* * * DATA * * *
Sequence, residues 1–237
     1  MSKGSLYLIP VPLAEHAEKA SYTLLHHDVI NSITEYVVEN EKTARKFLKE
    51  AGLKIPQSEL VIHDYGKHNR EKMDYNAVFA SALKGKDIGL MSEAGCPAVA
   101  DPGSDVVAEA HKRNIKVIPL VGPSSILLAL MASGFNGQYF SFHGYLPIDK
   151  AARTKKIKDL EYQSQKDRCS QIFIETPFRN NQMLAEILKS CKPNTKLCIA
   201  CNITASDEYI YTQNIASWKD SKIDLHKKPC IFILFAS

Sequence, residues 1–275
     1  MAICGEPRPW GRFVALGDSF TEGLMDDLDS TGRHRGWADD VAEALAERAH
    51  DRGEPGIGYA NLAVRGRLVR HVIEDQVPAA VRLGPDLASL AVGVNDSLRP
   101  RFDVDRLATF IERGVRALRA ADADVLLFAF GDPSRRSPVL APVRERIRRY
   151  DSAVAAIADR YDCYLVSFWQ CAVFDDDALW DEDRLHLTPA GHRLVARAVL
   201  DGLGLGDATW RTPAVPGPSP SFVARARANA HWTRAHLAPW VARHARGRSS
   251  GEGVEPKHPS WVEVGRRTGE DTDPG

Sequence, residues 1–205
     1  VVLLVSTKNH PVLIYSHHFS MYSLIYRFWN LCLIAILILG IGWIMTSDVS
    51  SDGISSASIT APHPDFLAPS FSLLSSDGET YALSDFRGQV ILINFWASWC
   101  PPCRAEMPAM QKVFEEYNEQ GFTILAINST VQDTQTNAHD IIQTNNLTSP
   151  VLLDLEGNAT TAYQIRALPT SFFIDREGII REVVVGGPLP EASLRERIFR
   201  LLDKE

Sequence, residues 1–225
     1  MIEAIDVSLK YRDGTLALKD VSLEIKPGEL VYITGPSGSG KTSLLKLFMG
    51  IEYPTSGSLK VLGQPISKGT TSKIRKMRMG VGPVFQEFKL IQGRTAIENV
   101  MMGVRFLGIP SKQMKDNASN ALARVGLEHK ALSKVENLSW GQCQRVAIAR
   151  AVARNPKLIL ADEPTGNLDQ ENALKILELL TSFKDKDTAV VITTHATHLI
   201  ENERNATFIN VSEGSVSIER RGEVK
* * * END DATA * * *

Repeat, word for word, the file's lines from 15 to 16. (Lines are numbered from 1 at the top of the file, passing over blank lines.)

     1  VVLLVSTKNH PVLIYSHHFS MYSLIYRFWN LCLIAILILG IGWIMTSDVS
    51  SDGISSASIT APHPDFLAPS FSLLSSDGET YALSDFRGQV ILINFWASWC